Four Fascinating Hidden Gems of the Scottish Borders

Where can you find flamingoes in the Scottish Borders?Where can you find flamingoes in the Scottish Borders?Bird Gardens Scotland

From Melrose Abbey to Abbotsford and from Peebles to the Pentland Hills, the Scottish Borders has many famous visitor spots. Yet beyond the busy tourist hubs there are also plenty of under-the-radar gems just begging to be discovered.

Whether you are looking for wonderful woodlands, atmospheric standing stones or dramatic views, here are four fascinating attractions that you really need to seek out...

1. Fast Castle, Coldingham

Are you brave enough to visit Fast Castle?Are you brave enough to visit Fast Castle?Walter Baxter

Perched on a promontory overlooking the Firth of Forth, this ruined coastal fortress is surrounded by sheer cliffs on three sides. In other words, Fast Castle isn't for the fainthearted but it definitely makes for a thrilling experience. You can reach it via a two-mile signposted track starting at Dowlaw Farm, then heading down a grassy slope to a walkway with the remains of the castle beyond it.

The history of this headland heritage site is a little murky but it's thought that a fortress has existed on the same spot since the Iron Age, with the castle itself being built in the 14th century. Over the centuries it has been a site of bloody royal power struggles, piracy and smuggling, yet the strangest tale attached to it is actually linked to Sir Walter Scott.

It seems that the Scottish novelist visited Fast Castle in the early 1800s while it was still fairly intact. He was so impressed by the castle that it became the inspiration for Wolf's Craig in his 1819 novel, The Bride of Lammermoor. In the book, Wolf's Craig is destroyed by lightning and oddly, just over 50 years after the book was published, what remained of Fast Castle was destroyed by lightning too. Did Scott catch a glimpse of the future or, given its exposed cliffside location, was the castle always fated to be destroyed by a storm? We will never know...

2. Gordon Community Woodland, Gordon

What's hidden in Gordon Community Woodland?What's hidden in Gordon Community Woodland?Brian Turner

Based near the small Berwickshire village of Gordon, this charming community woodland may not be as famous as Glentress Forest but it definitely has its own special magic.

That's because there is plenty for you to explore in the 200-acre stretch, including a river, disused railway line, deer sculpture, old burial mounds, pond and cabin. And after rambling around the woods for a while it's also worth heading into Gordon itself, where you can see the 16th century Greenknowe Tower and 18th century kirk.

3. Ninestane Rig, Castleston

What is the strange tale linked to Ninestane Rig?What is the strange tale linked to Ninestane Rig?Walter Baxter

Thought to be up to four thousand years old, Ninestane Rig (Nine Stone Ridge) is a small stone circle in the remotest part of Roxburghshire. This oval of mossy monoliths is a little tricky to find as it is tucked away in a forest clearing close to Hermitage Castle. Yet it's well worth seeking out just for its age and atmosphere.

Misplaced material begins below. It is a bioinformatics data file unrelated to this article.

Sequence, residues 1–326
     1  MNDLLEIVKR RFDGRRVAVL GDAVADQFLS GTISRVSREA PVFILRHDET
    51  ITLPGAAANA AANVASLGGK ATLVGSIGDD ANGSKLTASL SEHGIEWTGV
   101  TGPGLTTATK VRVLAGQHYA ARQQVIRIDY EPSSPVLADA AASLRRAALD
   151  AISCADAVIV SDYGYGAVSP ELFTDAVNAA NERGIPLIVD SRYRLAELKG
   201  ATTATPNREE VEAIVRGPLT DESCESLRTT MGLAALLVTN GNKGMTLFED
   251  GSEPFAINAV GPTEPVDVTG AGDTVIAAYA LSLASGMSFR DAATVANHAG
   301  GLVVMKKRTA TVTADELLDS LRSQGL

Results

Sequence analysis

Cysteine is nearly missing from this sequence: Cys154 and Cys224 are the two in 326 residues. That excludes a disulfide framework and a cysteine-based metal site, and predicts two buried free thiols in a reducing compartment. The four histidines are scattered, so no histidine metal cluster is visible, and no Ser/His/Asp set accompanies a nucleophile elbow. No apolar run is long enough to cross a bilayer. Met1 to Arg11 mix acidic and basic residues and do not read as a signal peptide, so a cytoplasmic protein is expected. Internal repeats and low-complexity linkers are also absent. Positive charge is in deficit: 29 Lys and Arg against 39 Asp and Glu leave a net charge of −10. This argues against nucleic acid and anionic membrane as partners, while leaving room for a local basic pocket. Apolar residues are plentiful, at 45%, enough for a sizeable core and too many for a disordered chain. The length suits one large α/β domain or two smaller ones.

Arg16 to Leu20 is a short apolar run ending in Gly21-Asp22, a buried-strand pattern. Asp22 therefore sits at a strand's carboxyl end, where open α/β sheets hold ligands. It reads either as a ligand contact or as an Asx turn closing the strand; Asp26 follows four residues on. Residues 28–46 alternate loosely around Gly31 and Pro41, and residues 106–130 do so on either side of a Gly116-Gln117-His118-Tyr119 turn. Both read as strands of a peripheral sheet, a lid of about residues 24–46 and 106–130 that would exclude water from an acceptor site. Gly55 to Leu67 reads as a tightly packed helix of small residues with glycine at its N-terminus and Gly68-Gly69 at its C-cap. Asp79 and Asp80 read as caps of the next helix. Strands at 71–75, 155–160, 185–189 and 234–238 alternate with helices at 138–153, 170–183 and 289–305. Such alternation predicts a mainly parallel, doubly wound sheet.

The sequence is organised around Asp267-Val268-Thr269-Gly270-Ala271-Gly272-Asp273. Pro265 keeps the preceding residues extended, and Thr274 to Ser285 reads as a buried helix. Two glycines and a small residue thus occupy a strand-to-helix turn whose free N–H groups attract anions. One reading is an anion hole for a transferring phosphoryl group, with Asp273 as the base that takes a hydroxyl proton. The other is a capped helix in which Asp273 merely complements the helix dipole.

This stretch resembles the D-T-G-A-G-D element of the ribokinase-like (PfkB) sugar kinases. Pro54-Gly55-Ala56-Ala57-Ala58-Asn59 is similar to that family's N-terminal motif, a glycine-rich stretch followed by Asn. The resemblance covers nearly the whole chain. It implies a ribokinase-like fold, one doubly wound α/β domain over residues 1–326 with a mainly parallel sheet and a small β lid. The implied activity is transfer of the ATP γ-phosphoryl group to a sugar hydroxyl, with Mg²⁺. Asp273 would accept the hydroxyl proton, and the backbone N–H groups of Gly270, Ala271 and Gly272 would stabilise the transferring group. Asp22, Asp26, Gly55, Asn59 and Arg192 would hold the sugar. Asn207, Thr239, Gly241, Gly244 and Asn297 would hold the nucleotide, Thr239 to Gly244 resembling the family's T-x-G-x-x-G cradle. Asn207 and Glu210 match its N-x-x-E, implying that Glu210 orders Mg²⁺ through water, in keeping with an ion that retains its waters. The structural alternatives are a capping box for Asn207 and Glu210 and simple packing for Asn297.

There is also a gruesome story associated with Ninestane Rig. It is said that in the 14th century, the evil owner of Hermitage Castle, Lord Soulis, was arrested by his tenants because of his cruelty to local children. Soulis was actually rumoured to be a powerful black magician taught by the legendary wizard Michael Scot (and was also said to have a cackling familiar spirit named Robin Redcap).

For this reason the locals believed that Soulis couldn't be killed by ordinary means, and so legend has it that he was dragged into the stone circle and boiled in a pot of molten lead instead (however, history suggests that the wicked laird more likely died while imprisoned in Dumbarton Castle).

4. Bird Gardens Scotland, Oxton

What's the location of the 'secret' bird garden?What's the location of the 'secret' bird garden?Bird Gardens Scotland

Did you know that in a sleepy Borders village near Lauder, in Oxton itself, you can find an oasis filled with rare and exotic birds?

Bird Gardens Scotland's two hectares of grounds are home to flamingos, emus, rheas, domestic ducks, unusual chickens breeds and many threatened species of waterfowl (keep an eye out for the regal white peacock and Australian wallabies too). What's more, it is also a conservation centre with the aim of breeding rare and endangered birds.

As well as a pond, accessible walkway and 'Baby Barn' for hand-reading chicks, you can explore wildflower gardens, fruit orchards and bee hives. There is also a visitor centre and playground for kids, plus the chance to take workshops and feed the incredibly cute flamingo chicks. (Please note that as of this blog's publication date, the bird garden has not yet opened but hopes to open soon).

Explore all of these hidden Borders gems and more while on a stay in a five-star Airhouses self-catering lodge.

You might also like:
Fabulous Follies and Quirky Attractions of the Scottish Borders.
Five Fun Things to Do in the Scottish Borders this Year.
Three Unmissable Scottish Borders Coastal Walks.

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